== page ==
Thursday, June 07, 2007

What's the deal with Iran and the Taliban?

By Michael J.W. Stickings

ABC's The Blotter is reporting that Iran is arming the Taliban:

NATO officials say they have caught Iran red-handed, shipping heavy arms, C4 explosives and advanced roadside bombs to the Taliban for use against NATO forces, in what the officials say is a dramatic escalation of Iran's proxy war against the United States and Great Britain.

Former White House counter-terrorism chief Richard Clarke seems to buy it, but SecDef Robert Gates said earlier this week that there was no evidence "of the involvement of the Iranian government in support of the Taliban." So who is making this claim? Anonymous "NATO officials" and "a senior coalition official". Feel free to be skeptical.

Cernig is quite right that this effort to link Iran to Afghanistan (and to a larger proxy war) isn't new. Both his post and my post on the Cheney-Rice feud linked to a Newsweek article that asserted that "Cheney staffers have been intensely interested in a single issue: recent intelligence reports alleging that Iran is supplying weapons to Afghanistan's resurgent Islamist militia, the Taliban". A couple of weeks ago I posted on the effort to link Iran to both al Qaeda and Sunni insurgents in Iraq. And prior to any of this there were efforts to blame Iran for supplying arms to militias and insurgents in Iraq, efforts that went nowhere.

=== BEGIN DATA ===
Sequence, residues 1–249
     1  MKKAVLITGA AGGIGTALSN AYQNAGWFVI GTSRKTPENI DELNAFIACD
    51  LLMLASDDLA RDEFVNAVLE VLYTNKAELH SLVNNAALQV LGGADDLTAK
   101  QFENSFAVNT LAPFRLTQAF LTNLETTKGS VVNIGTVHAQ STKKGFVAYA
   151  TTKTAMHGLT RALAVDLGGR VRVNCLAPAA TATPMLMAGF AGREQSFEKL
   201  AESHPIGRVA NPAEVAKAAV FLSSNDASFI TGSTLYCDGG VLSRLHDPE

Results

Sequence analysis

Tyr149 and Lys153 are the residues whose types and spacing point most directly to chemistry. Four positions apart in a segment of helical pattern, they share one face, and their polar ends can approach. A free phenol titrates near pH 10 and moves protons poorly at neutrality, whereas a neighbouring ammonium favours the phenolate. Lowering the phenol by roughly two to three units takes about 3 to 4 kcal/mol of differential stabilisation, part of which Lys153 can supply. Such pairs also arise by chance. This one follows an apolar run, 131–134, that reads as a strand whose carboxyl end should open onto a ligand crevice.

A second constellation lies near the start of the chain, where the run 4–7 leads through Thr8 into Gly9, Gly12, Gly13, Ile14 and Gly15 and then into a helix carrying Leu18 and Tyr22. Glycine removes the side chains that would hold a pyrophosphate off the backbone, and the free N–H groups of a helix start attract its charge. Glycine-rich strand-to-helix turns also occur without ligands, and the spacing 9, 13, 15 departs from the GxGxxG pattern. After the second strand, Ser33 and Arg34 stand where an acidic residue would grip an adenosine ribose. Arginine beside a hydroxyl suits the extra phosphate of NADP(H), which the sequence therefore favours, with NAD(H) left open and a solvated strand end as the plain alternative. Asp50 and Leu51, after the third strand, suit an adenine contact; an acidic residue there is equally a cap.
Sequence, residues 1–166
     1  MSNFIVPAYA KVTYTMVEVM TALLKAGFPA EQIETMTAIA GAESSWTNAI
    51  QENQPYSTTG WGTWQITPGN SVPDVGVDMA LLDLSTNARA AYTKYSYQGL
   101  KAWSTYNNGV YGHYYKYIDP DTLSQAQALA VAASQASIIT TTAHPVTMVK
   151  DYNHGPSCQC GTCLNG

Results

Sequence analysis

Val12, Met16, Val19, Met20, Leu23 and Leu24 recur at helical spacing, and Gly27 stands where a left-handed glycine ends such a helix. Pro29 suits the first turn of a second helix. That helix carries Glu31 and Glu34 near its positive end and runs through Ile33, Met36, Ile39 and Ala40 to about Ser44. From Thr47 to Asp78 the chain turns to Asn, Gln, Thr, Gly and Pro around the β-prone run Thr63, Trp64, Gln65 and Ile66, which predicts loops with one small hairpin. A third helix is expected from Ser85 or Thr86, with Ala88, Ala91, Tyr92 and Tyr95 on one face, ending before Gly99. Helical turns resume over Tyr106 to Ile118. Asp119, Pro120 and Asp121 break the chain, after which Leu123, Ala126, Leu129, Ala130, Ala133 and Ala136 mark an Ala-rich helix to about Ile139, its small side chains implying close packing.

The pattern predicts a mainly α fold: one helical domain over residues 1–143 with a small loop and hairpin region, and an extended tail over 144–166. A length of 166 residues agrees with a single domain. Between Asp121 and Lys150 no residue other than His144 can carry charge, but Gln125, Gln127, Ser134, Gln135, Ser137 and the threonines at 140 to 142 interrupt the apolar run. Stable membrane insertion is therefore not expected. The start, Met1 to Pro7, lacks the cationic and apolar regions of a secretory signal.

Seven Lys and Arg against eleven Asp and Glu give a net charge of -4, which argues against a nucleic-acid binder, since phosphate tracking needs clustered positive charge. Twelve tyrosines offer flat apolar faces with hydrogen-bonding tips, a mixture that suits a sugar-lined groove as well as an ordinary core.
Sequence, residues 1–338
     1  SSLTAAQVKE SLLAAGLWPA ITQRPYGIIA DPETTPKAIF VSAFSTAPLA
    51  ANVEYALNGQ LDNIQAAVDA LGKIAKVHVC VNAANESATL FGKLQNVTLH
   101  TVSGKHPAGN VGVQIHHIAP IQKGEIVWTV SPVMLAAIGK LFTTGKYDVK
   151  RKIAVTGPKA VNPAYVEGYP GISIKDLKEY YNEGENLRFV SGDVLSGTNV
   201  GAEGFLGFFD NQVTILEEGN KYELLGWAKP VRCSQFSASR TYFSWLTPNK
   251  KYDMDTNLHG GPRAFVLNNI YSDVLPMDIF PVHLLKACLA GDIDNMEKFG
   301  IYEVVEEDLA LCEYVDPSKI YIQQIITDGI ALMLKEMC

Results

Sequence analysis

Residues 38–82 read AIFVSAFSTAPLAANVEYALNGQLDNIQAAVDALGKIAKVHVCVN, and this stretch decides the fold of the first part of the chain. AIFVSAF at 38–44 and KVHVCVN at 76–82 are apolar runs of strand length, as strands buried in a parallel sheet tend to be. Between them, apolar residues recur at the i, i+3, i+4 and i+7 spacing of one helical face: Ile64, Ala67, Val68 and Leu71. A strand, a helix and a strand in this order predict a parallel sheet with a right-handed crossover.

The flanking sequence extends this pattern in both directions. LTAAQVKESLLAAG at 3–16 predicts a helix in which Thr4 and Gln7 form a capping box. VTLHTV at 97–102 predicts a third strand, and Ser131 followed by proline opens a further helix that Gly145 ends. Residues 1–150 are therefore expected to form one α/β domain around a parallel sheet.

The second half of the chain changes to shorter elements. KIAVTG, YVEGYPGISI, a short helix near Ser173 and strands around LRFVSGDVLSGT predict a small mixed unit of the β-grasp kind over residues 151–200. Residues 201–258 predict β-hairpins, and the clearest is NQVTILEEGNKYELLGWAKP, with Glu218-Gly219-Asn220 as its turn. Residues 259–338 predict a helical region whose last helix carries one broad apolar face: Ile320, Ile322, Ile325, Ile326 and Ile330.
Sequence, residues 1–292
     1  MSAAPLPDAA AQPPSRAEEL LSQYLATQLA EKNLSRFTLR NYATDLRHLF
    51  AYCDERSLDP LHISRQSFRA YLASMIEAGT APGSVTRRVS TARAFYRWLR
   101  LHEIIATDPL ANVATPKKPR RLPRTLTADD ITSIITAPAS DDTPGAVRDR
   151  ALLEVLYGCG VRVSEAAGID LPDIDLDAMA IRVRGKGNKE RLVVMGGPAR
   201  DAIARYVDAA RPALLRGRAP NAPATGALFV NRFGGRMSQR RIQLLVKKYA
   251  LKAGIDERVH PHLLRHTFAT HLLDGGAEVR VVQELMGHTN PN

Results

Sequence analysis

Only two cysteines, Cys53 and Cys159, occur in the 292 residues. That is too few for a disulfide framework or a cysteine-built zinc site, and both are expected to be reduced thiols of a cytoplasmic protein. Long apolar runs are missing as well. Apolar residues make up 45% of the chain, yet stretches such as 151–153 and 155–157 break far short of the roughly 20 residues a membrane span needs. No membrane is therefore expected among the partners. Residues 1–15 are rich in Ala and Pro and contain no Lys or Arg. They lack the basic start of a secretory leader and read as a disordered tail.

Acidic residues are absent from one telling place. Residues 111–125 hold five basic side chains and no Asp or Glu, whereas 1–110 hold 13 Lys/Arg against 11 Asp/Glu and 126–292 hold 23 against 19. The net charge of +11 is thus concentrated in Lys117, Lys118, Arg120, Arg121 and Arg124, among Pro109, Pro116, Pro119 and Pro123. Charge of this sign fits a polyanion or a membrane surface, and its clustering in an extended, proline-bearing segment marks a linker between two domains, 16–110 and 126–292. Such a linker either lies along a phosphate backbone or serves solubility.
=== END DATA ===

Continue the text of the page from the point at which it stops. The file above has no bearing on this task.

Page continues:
What seems to be happening is that Cheney and those close to him are trying to build a case for war against Iran, which is why they are so critical of Rice's recent attempts to reach out diplomatically to Tehran. If they can make (i.e., fabricate) the case that Iran is waging proxy war against the U.S. through al Qaeda and the Taliban, among others, then they can push for what would appear to be retaliatory war against a "proven" enemy. (Plus, Iran may soon have those WMDs.)

The problem for Cheney and those close to him, however, is that the evidence is sketchy at best, and more likely non-existent, since none of it makes much sense, which is why these reports rely on (suspicious) anonymous sources. As Cernig points out, after all, neither the British nor Afghan President Hamid Karzai are buying it.

The hoodwinking is all too transparent now.

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